Let’s pose a simple, yet highly important question about market structure: how profitable, in the aggregate, is market making activity (i.e. the pure provision of liquidity)? This question is of central importance to regulators, policy makers, investors, and traders alike. Obviously, there are many ways to address such a multi-faceted question, but one very compelling method is to calculate the profitability of all trades on the exchange, from the perspective of the passive (liquidity-providing) party, assuming they never liquidate their inventory and mark it to the closing price on a daily basis. Let’s do that for a selected ticker, say msft, on a selected exchange, say nasdaq, for the last two years of data. In fact, let’s go further and decompose market making PNL into it’s four main components: spread capture, rebate capture, adverse selection (i.e. inventory pnl), and SEC section 31b fees.
m --mdir=$DailyMicro ticker=msft filter=i_bprc date '@matched=i_bvol<i_svol?i_bvol:i_svol;@matched*(i_bprc-i_sprc)' '@mminv=i_svol-i_bvol;@mminvprc=@mminv>0?i_sprc:i_bprc;@mminvpnl=(close-@mminvprc)*@mminv;@mminvpnl' '0.0029*(i_bvol+i_svol)' 'i_sprc*i_svol*-23/1000000' 'i_bprc-i_sprc' -h date,spreadCapture,inventory,rebate,secfee,effsprd | mcalc -rows all -cols ‘avg:spreadCapture’ ‘avg:inventory’ ‘avg:rebate’ ‘avg:secfee’ ‘avg:effsprd’
row spreadCapture inventory rebate secfee effsprd
all 44816.5 -53281.8 12305.8 -3502.53 0.019724
Let's see what's going on there. First, we are using the DailyMicro M database, which aggregates information about market microstructure data into daily periodicity intervals. MANA Tech also has other databases with intraday periodicities, but for this particular study, daily periodicity works well. Essentially the m command is calculating five values per date and returning them to the console -- these correspond to spread capture, inventory pnl, rebate, SEC section 31b fees, and effective captured bid-ask spread, respectively. The results are then piped into a M tool which averages the daily values.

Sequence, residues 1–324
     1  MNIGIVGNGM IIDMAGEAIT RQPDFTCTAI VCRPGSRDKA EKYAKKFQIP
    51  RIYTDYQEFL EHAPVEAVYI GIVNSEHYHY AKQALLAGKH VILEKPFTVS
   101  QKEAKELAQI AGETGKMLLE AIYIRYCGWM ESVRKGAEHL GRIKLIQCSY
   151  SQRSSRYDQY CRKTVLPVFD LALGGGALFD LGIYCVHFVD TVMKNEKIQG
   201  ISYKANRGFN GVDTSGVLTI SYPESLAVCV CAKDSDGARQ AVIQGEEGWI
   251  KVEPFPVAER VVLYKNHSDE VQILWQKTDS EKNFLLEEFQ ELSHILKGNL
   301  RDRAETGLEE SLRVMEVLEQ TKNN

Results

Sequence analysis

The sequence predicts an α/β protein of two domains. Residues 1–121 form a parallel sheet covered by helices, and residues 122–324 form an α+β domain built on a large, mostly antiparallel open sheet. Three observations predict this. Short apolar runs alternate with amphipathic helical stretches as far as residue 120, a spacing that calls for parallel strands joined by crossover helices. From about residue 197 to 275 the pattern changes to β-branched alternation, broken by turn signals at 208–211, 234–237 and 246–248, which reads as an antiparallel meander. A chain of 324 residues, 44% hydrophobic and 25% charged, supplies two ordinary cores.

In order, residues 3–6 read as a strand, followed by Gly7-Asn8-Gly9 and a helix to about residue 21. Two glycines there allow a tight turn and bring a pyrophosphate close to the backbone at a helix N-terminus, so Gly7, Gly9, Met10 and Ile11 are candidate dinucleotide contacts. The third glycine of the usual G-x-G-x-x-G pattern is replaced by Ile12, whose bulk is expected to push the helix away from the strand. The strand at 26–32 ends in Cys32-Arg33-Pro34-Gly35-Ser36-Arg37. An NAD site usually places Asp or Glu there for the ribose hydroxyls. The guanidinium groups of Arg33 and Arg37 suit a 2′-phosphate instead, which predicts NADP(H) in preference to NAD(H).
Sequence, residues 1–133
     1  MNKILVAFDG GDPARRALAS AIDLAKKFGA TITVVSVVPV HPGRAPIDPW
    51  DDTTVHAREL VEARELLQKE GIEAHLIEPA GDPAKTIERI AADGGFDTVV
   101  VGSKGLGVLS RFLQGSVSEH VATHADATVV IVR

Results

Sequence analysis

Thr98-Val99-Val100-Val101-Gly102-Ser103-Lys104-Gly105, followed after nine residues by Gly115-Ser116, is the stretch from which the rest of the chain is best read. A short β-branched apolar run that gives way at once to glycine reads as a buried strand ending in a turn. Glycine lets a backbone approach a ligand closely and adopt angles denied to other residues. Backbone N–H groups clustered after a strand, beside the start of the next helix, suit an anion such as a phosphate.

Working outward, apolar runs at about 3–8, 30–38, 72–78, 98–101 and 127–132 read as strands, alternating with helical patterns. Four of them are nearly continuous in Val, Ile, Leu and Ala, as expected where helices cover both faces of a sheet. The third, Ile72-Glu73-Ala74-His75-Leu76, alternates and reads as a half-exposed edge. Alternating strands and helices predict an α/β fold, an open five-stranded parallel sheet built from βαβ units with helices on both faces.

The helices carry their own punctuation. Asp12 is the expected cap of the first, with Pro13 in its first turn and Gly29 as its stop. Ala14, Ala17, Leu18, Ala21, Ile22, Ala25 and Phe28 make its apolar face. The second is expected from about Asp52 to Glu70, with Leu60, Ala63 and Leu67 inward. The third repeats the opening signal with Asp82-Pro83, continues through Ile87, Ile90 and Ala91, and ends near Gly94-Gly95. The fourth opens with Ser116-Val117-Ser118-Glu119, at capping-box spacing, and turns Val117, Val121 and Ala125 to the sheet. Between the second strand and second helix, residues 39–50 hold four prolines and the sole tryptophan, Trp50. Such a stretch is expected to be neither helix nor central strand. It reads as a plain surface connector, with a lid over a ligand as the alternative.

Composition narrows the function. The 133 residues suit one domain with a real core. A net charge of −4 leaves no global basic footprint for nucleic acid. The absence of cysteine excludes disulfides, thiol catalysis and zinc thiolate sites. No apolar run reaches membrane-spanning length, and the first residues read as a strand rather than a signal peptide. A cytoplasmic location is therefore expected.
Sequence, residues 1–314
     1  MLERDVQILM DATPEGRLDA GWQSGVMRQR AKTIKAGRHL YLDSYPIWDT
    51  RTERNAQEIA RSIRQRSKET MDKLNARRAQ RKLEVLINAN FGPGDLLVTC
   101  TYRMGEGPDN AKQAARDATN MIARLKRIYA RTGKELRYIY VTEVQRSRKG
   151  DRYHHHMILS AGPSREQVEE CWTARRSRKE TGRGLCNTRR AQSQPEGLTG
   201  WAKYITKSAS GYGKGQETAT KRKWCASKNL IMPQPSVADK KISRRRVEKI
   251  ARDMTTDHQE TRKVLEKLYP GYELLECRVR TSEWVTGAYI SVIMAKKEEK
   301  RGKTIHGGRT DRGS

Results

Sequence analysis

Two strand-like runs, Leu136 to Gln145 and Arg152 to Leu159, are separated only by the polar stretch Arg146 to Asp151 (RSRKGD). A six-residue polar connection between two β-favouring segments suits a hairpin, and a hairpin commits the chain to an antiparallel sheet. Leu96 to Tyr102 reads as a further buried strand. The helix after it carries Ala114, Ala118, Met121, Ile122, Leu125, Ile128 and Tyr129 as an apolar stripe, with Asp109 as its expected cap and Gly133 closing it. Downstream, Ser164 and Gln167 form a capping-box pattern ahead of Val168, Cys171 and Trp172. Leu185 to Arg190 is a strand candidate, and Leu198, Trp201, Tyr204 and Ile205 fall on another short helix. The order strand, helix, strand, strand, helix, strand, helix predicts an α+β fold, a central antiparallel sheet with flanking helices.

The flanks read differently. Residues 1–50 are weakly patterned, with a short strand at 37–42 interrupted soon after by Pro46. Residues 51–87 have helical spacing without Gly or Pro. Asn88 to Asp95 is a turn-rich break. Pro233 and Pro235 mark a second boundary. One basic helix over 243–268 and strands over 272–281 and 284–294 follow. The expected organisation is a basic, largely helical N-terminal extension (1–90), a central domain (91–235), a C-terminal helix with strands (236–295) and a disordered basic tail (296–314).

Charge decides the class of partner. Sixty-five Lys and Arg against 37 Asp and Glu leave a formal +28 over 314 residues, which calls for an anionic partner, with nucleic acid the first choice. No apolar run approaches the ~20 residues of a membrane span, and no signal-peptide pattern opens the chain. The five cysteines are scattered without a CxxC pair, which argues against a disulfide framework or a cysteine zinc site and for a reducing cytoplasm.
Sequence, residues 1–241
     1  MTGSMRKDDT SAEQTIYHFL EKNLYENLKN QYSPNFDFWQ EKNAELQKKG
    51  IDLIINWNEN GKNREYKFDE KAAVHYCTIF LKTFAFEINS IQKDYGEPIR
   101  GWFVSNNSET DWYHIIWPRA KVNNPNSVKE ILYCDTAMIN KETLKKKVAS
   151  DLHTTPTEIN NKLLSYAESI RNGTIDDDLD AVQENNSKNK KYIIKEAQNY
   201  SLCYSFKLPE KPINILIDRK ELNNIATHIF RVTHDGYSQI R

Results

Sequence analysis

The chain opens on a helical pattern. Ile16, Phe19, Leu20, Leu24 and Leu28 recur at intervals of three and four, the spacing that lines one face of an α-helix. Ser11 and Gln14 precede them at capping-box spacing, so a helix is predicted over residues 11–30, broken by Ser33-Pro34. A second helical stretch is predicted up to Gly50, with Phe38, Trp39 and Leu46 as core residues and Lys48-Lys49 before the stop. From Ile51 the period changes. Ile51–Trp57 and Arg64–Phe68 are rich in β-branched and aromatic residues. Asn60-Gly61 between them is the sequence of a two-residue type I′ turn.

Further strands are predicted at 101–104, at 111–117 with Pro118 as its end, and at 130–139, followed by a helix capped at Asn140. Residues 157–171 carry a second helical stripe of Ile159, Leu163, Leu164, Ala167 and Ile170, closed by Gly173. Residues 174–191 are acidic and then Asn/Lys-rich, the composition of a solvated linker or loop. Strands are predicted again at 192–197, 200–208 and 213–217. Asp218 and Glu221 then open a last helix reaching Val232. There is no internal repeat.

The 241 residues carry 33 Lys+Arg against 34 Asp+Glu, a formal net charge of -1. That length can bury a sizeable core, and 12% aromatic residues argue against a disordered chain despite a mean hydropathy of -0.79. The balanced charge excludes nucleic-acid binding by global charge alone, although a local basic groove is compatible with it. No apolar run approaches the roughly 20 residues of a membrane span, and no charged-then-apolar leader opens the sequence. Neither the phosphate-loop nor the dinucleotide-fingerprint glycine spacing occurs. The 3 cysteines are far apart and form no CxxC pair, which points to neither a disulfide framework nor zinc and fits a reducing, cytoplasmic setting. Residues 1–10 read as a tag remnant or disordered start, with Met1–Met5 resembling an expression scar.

The first expression is '@matched=i_bvol<i_svol?i_bvol:i_svol;@matched*(i_bprc-i_sprc)' . This calculates the temporary variable @matched which is the lesser of nasdaq's buy volume and sell volume for the selected stock, and corresponds to how many shares the market maker was able to earn the bid-ask spread on. That is then multiplied by the quantity (i_bprc-i_sprc), which is the difference in price payed by active buyers and active sellers, which in turn is the same as the effective spread earned by the market maker. The product of matched shares and earned spread is the profit due to spread capture.
The second expression looks at the "unmatched" inventory; i.e. the shares that the market maker WANTS to match but is unable to, and is therefore forced to hold. Generally the market maker's unmatched inventory moves adversely, a phenomenon known as "adverse selection". To calculate this, we look at the matched inventory, and the weighted average price used to acquire this inventory (based on whether it is net long or net short). Then, we mark the inventory to the closing price. As the results make clear, inventory PNL is, on average negative enough to overcome the profitability associated with spread capture. (N.B.: A slightly different M command, not shown here, reveals that the sharpe ratio of spread capture is 5.5 annualized, whereas inventory has a sharpe of negative -2.28).